One of The Washington Post's 10 Best Books of 2022
The disturbing eyewitness account of how a new breed of Republicans—led by Marjorie Taylor Greene, Paul Gosar, Matt Gaetz, Lauren Boebert, and Madison Cawthorn—far from moving on from Trump, have taken the politics of hysteria to even greater extremes and brought American democracy to the edge
The violent insurrection at the U.S. Capitol on January 6, 2021, was a terrible day for American democracy, but many people dared to hope that at least it would break the fever that had overcome the Republican Party and banish Trump's relentless lies about the stealing of the 2020 election. That is not what happened. Instead, “the big steal” has become dogma among an ever-higher percentage of American Republicans. What happened to the Republican Party, and America, during the Trump presidency is a story we more or less think we know. What has happened to the party since, it turns out, is even more disquieting. That is the story Robert Draper tells in Weapons of Mass Delusion.
Through his extraordinarily intrepid cross-country reporting, Draper chronicles the road from January 6 to the 2022 midterms among the Republican base and in the U.S. Congress, rendering unforgettable portraits of how Marjorie Taylor Greene and her ilk came to shape their party’s terms of engagement to an extent that would have been unimaginable even five years ago. He also brings to life the efforts of a dwindling group of Republicans who are willing to push back against the falsehoods, in the face of a group of ascendent demagogues who are merrily weaponizing them. With a base whipped up into a perpetual frenzy of outrage by conspiracy theories—not just about the big steal but about COVID and vaccines, pedophilia and Antifa and Black Lives Matter and George Soros and President Obama, and on and on and on—the forces of reason within the GOP are on the defensive, to put it mildly. The book also benefits greatly from reporting conducted in Texas, Arizona, Georgia, New Hampshire, and other bellwether states in the country of the mind one might call a fever of undending conspiracies.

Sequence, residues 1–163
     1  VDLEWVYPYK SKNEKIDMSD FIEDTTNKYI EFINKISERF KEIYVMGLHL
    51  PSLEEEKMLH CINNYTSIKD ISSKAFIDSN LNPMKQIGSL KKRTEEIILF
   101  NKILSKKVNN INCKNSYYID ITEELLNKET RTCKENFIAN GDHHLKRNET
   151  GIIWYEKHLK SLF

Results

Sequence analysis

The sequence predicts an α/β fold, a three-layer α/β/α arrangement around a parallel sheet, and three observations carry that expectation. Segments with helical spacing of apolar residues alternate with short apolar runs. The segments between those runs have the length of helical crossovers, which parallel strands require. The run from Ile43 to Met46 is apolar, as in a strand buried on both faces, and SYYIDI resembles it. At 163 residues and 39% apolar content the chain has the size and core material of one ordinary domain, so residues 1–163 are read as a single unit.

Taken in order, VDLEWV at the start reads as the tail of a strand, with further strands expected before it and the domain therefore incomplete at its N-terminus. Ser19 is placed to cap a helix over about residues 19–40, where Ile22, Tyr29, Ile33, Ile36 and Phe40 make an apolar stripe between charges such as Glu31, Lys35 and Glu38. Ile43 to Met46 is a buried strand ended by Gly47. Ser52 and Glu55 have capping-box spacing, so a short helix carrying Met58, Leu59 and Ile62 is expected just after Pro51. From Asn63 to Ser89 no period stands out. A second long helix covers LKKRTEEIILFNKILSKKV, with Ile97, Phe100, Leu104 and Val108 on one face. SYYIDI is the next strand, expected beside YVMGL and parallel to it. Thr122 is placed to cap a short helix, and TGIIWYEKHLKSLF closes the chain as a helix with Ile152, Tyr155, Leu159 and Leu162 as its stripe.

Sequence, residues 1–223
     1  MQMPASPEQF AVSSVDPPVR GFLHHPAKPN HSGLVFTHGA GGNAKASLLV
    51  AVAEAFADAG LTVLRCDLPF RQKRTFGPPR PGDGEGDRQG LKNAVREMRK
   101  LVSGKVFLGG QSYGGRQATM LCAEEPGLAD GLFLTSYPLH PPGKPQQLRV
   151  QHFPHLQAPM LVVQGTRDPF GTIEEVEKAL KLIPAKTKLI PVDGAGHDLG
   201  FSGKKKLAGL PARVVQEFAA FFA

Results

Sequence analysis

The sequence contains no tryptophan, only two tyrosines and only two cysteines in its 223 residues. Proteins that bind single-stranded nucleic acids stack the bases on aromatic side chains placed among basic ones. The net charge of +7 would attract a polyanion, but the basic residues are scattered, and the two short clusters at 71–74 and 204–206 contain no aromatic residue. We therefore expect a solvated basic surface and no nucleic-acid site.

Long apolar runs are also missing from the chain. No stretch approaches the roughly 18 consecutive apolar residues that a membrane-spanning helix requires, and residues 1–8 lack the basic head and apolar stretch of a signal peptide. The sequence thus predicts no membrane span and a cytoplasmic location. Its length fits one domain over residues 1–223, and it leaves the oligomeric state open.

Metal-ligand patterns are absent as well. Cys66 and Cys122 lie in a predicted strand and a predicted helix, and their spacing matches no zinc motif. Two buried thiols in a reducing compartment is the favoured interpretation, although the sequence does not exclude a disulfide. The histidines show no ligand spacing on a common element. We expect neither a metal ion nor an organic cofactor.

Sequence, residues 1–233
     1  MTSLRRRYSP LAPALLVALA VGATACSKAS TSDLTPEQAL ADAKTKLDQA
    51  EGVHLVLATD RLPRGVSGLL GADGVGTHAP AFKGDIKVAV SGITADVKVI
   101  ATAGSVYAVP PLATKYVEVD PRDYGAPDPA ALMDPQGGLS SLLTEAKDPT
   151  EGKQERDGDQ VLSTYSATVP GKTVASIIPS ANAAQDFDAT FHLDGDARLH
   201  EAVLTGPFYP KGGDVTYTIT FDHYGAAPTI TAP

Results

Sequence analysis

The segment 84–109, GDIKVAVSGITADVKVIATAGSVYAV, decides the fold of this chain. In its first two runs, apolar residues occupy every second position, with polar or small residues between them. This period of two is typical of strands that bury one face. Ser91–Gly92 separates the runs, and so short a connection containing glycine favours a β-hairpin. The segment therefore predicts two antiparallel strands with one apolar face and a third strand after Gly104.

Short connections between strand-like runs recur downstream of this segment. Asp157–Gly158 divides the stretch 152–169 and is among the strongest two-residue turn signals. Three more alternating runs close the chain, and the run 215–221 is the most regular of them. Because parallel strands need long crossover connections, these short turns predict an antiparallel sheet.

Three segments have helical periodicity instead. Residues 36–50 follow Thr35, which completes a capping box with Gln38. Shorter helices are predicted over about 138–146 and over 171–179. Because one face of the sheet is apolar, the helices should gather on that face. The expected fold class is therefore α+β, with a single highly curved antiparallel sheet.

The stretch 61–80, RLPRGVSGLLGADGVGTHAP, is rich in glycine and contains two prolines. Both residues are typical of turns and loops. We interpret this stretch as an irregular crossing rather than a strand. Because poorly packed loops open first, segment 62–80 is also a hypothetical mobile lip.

Robert Draper has been a wise, fearless, and fair-minded chronicler of the American political scene for over twenty-five years. He has seen the good, the bad, and the ugly. He has never seen it this ugly. Ultimately, this book tells the story of a fearful test of our ability, as a country, to hold together a system of government grounded in truth and the rule of law. Written on the eve of the 2022 midterm elections, Draper’s account of a party teetering on the precipice of madness reveals how the GOP fringe became its center of gravity.
About the Author
Robert Draper is a contributing writer for the New York Times Magazine and National Geographic Magazine. He is the author of several books, including the New York Times bestseller, Dead Certain: The Presidency of George W. Bush. He lives in Washington D.C. with his wife, Kirsten Powers.
“Vital and indispensable . . . [Draper’s] rigorous reporting adds an unusual level of depth . . . The book’s first section, ‘One Day in Washington,’ will be consumed by most readers in a single breathless gulp. For an event as widely reported as the insurrection at the Capitol has been, Draper provides a startling level of new, first-person detail. We have watched the hearings. We have read the newspaper accounts of that dreadful day. But Draper’s extensive interviews with 150 sources pierce the staid facts with vivid humanity . . . Fighting falsehood is all that matters if democracy is to survive, and Draper comes with the fiercest weapon yet: the truth.” —The Washington Post
“Engrossing.”—Michelle Goldberg,The New York Times
“Draper provides pungent new anecdotes about and original analysis of the most outrageous actors [in the Trump era].” —The Guardian “A masterpiece of meticulous reporting.” —George Will, Washington Post columnist
“Vastly adds to our understanding of the Trump era.” —Politico
“A must read.” —POLITICO Playbook
“Excellent . . . In focusing on Trump’s enablers in Congress and elsewhere, Draper helps to show why the fringe became the center in the GOP—and why it isn’t going away anytime soon.” —Jacob Heilbrunn, Washington Monthly
“A seamless, terrifying, inside-the-room account—and an unsparing one, at that—about how the Republicans went from the party of Liz Cheney to the party of Marjorie Taylor Greene.” —Julia Ioffe, Puck
“Fascinating.” —Anderson Cooper
“Brilliant.” —Johh Heilemann, Showtime’s The Circus